My nearly 5 year old daughter has begun her Bob Book lessons and thoroughly enjoys them. She catches on quickly and remembers well, as long as we review properly. I however am a little overwhelmed by her ‘taking over’ of the Bob Binder. She is thrilled that we are making cards and has filled the pockets with her own (very convincing) cards full of neat little letters, words and lists. During the lessons she fills in the story how she feels it ought to be, adding words to make the sentences more complicated and descriptions to make the story match the pictures better. Does all of this mean that she is too young? That I need to move through the books more quickly? That her habit of attention requires some work? I am nervous to teach reading, and I don’t want to squash her into the neat little lessons I envision.
I can’t tell you how delightful I found this! It reminded me of a little girl I used to teach — she was five and probably very gifted; I homeschooled her for her parents. She had a fantastic imagination. One day, we went out to do nature study and she did her first nature drawing. She did a wonderful job until the end when, with a flourish, she drew purple crowns on all of the plants. Ha! The imagination can carry us away, especially when we are five. 🙂
I think this sort of situation is a good one for us to stretch our homeschool trouble-shooting muscles in general, so I’ll tell you what I would do, but I will also try and share a bit of a framework for thinking through these things.
Begin with the end in mind.
This is the starting place for tackling a problem in education, I think. What are we really trying to do? What is the destination we want to arrive at? What is required in order to get there?
In situations like these, I find there are competing tensions. On the one hand, an educated child is most certainly a literate child (and a child who is making her own pretend phonics cards sounds more than ready to me). At the same time, especially at these earlier ages, we want to be so respectful of the child as a person, we don’t want to kill any love for learning or lessons, and we want that creativity and imagination to continue to flourish.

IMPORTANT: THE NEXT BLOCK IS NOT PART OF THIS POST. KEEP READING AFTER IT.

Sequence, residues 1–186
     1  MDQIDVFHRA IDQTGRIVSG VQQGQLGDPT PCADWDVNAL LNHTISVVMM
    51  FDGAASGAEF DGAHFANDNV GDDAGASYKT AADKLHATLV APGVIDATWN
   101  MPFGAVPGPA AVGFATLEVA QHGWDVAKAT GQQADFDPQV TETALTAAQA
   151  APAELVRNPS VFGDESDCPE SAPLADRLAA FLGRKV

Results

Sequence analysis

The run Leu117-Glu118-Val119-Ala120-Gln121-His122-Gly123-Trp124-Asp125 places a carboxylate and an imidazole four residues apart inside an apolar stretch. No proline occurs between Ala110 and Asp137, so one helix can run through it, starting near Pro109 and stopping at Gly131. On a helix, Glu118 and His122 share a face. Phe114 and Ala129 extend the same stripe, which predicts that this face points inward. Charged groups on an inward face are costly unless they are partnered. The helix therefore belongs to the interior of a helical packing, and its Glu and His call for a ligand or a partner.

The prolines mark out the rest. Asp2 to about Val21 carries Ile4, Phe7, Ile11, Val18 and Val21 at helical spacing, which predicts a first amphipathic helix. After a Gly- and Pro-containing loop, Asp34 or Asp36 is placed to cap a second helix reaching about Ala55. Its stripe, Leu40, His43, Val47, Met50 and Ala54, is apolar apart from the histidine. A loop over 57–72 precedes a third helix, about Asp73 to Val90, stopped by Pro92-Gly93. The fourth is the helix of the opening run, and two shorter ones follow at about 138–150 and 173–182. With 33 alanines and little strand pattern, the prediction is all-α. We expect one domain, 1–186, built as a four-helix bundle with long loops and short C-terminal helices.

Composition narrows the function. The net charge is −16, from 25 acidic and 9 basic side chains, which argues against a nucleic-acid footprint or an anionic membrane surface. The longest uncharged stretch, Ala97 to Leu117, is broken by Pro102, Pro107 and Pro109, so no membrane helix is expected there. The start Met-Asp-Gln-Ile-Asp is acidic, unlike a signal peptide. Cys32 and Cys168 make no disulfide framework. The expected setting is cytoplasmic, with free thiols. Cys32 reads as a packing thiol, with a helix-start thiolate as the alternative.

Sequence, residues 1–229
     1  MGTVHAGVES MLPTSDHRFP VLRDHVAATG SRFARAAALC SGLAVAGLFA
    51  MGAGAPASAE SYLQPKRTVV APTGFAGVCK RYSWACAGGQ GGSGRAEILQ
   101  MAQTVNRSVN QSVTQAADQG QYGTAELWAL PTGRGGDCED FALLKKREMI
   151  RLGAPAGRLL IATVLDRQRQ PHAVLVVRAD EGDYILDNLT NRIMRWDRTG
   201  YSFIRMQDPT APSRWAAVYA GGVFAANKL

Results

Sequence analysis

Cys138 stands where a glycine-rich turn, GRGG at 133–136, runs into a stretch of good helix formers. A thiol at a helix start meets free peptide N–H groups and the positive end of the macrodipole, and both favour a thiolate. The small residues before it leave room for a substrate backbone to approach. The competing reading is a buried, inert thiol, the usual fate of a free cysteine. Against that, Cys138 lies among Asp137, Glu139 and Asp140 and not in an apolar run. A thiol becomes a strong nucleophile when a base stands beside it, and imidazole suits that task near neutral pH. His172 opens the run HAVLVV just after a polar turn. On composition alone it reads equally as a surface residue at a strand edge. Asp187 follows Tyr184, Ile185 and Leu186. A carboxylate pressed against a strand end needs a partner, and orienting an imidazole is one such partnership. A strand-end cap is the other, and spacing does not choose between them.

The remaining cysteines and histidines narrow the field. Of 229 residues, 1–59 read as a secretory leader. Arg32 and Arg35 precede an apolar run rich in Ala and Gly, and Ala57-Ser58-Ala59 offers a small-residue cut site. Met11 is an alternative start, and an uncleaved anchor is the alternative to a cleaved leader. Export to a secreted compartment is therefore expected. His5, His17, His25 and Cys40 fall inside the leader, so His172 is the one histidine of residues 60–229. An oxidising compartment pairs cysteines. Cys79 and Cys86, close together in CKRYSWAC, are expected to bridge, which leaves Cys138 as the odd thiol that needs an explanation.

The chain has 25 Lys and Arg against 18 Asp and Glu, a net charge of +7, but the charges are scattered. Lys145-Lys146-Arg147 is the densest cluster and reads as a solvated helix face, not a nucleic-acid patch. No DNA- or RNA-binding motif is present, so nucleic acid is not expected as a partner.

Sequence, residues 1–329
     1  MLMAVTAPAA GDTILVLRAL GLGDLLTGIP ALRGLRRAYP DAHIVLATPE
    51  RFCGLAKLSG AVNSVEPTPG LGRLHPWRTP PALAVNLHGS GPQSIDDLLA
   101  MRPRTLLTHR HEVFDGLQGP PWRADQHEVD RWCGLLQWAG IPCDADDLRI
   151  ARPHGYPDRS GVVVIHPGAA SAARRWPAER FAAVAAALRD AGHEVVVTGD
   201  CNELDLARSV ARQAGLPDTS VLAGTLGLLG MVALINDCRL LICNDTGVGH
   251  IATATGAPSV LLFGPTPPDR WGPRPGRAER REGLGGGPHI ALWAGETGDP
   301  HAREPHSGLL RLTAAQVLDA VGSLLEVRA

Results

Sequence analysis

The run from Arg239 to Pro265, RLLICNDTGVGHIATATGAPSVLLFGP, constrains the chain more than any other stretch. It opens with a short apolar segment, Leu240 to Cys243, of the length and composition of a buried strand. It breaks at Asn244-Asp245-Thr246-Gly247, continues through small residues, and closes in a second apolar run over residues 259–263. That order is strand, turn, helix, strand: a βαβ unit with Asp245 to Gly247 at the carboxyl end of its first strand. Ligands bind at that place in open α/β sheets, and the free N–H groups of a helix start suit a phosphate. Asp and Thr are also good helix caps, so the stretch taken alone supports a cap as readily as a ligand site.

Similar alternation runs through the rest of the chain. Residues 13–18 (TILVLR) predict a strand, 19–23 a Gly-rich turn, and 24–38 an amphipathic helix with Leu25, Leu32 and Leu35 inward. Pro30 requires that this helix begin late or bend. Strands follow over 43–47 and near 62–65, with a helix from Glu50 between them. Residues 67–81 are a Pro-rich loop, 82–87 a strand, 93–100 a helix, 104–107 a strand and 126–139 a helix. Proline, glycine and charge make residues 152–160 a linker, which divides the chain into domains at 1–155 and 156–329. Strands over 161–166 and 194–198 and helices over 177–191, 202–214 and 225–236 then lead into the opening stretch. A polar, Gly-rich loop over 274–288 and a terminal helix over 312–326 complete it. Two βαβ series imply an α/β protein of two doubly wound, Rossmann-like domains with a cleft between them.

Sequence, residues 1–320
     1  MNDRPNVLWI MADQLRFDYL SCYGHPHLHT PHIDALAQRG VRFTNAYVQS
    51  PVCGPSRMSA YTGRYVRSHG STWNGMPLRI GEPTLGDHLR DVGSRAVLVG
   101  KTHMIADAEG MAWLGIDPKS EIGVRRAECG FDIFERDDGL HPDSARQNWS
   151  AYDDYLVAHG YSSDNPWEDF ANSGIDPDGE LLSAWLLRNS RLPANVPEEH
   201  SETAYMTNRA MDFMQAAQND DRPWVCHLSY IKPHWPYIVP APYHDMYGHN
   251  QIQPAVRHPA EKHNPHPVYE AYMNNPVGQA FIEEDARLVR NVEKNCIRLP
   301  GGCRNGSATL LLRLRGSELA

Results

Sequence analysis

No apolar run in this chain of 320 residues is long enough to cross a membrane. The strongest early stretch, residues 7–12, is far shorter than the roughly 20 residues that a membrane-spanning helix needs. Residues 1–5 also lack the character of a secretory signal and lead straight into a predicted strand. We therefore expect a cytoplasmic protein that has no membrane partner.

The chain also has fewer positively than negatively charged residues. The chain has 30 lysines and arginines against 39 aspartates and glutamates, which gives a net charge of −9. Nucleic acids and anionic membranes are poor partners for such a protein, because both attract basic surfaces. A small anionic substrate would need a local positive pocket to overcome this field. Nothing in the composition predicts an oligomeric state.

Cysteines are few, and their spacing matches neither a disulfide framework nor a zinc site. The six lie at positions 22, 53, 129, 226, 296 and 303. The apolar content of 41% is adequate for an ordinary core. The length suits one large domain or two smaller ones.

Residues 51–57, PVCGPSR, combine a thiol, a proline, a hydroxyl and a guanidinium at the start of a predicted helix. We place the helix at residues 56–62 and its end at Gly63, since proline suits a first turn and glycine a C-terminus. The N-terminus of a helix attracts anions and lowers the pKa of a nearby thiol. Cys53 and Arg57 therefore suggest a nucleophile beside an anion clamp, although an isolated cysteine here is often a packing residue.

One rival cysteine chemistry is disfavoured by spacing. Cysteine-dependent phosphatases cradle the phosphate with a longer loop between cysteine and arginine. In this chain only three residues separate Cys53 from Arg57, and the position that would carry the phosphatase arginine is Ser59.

Build a solution that balances the tensions and competing goals.
This is the fun part because this is where we homeschool mamas gets to be creative in our attempts to solve the problem. We need a solution that:
- Maintains the authority of the mother over the lessons (and the child!)
- Keeps the lessons short and interesting
- Doesn’t kill the child’s excitement
- Allows the child to keep up her creativity and imagination
I’m sure there is more than one solution, but my approach would be — and has been in similar situations — to divide these two goals into two separate activities. So, I would build a second binder. This is her play binder. She can make cards and play at lessons as much as she likes in her spare time. Perhaps a teddy bear to which she can “teach” reading would help? Any of the books she finishes can be put into a little box for her to use in her play.